Woke up in a bit of a grump this morning. The Toddler came into our room at an early hour demanding company and then started accusing me of waking him up ! So to cheer myself up on the journey into work I started remembering past times in the kitchen – but got distracted by memories of culinary experiments, some of which were quite funny, which at least made me giggle and got me into a better mood.

As mentioned I do have Form for slightly eccentric cooking. Show me a recipe with unusual ingredients and I find it hard to resist the temptation to try it.

The charge sheet

Minty Pea Pops (from The Toddler Cafe) – these are meant to be ice lollies made of cream cheese, chocolate drops, pureed peas and peppermint essence. These were not a success, the Teenager now, after having experienced these, asks me everytime I offer him cake or something he hasn’t tried before asks “It hasn’t got peas in it has it ?”. Toddler was not impressed either, and he loves peas. I tell myself that his rejection was based on his dislike of mint (insists on strawberry or banana toothpaste, boy will he have problems cleaning his teeth when he’s older)

Sweet Potato and Marshmallow from Feast (Nigella Lawson) This is just cooked sweet potato, with some lime juice baked with a layer of mini marshmallow across the top which gets kinda baked and caramalised and slightly toasted. Having thought that this was the sort of thing that both Toddlers and Teenagers couldn’t get enough of it turned out that neither of them would touch it.

Creamy Carrots –(Apples for Jam – Tessa Kiros) sounds innocent enough but it was not appreciated in this house. My fault, I didn’t have any parsley so I used tarragon. But to be quite honest I think carrots are nice enough without adding cream, you just need butter and black pepper.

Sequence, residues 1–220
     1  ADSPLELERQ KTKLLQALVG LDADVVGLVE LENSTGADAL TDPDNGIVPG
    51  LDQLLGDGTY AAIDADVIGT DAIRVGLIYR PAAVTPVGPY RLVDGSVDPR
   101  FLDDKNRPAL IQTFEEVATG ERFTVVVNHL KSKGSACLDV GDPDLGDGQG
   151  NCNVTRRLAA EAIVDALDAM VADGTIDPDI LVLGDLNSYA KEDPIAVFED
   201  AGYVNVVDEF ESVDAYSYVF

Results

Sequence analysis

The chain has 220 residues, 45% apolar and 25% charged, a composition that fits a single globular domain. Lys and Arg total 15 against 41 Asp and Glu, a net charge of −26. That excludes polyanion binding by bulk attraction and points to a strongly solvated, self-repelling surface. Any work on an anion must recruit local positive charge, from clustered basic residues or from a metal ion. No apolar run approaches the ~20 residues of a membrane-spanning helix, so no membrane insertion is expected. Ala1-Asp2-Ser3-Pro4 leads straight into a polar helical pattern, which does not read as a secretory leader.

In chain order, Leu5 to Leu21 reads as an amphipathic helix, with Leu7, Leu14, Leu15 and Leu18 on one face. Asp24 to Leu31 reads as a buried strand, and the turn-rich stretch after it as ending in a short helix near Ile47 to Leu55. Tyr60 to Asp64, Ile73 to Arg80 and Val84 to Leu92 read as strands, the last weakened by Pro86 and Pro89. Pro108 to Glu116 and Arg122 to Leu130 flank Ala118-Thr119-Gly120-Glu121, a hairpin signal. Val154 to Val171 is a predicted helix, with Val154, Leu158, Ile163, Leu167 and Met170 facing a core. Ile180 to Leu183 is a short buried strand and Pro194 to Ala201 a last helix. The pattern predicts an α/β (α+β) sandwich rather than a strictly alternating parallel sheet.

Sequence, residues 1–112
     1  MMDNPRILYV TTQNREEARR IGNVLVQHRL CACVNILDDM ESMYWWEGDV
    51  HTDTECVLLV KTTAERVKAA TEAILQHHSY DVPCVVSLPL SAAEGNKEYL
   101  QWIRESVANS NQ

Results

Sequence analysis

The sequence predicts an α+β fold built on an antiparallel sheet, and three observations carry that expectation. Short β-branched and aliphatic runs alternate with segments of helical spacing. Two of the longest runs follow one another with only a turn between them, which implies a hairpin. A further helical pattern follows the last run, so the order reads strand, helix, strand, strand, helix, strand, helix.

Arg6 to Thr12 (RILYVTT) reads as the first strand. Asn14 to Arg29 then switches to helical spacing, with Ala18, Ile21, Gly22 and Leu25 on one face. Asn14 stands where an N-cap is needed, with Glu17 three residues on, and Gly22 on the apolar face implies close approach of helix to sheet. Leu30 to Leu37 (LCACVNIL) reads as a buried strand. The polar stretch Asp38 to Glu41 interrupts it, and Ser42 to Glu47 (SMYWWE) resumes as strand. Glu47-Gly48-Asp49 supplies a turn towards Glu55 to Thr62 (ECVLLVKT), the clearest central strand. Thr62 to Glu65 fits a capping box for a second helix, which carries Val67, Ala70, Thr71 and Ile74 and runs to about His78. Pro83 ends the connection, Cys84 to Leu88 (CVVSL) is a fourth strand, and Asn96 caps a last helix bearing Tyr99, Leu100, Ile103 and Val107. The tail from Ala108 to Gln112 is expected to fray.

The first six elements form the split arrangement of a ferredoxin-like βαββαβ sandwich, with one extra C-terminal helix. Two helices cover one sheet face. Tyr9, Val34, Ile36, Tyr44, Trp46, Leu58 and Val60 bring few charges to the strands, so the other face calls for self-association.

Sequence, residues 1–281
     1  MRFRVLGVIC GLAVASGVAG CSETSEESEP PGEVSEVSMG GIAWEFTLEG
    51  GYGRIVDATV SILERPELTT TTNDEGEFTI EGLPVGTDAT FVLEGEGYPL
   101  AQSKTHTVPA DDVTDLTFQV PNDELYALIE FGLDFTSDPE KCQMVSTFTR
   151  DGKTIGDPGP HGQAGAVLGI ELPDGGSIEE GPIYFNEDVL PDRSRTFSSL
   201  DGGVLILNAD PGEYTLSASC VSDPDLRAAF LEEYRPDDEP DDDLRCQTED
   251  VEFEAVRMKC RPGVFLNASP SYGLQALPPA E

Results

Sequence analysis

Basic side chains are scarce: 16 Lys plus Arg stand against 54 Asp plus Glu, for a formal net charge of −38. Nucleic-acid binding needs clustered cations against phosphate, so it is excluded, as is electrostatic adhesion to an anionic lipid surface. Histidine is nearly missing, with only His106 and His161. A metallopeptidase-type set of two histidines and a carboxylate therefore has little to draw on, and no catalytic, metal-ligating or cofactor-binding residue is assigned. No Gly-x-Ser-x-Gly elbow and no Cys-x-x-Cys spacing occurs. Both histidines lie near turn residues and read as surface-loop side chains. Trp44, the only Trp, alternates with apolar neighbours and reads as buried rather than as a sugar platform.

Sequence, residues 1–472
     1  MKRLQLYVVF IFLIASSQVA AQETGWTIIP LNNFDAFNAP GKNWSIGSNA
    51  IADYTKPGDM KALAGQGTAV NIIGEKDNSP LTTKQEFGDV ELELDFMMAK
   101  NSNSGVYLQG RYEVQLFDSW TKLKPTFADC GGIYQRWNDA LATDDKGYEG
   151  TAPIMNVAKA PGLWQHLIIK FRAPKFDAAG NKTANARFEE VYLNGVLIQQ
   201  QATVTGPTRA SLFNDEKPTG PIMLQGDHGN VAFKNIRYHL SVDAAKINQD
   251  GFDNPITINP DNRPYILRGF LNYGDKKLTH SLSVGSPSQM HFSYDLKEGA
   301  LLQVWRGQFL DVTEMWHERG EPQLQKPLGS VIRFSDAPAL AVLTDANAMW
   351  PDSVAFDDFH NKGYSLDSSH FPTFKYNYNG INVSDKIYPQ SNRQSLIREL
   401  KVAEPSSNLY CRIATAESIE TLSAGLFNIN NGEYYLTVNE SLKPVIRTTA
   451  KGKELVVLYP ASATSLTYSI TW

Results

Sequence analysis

Beetroot Cake This one worked, as long as I didn’t tell anyone what was it it before they tried it. I guess it’s the same principle as carrot cake, but because in the UK beetroot is usually eaten soaked in vinegar, its difficult to overcome people’s fears and get them to try it. It came from Nigel Slater’s Observer column and I carried the newscutting around for several months before I did it, fresh beetroot is not something it is easy to find in the shops out of season (because there’s no demand for it), so I guess this cake wins on the food miles stakes too. It was too tempting to resist as it also had orange blossom essence in it, so how could I not make it ? The thing that I don’t like about it is the linseeds, but that’s just me. I don’t like the sensation of small hard seeds in my teeth so no dried figs in my christmas pud ! If I did it again I’d just up the amount of sunflower and pumpkin and leave out the linseed.

There are no doubt many many more crimes and I’m sure that if the Toddler could read, or I pointed the Teenager at this site they would remind me of many more eccentric mixtures I’ve tried out on them. But these are the ones that I can remember over the past 2 years, and besides sometimes the journey to work is only 15 minutes long.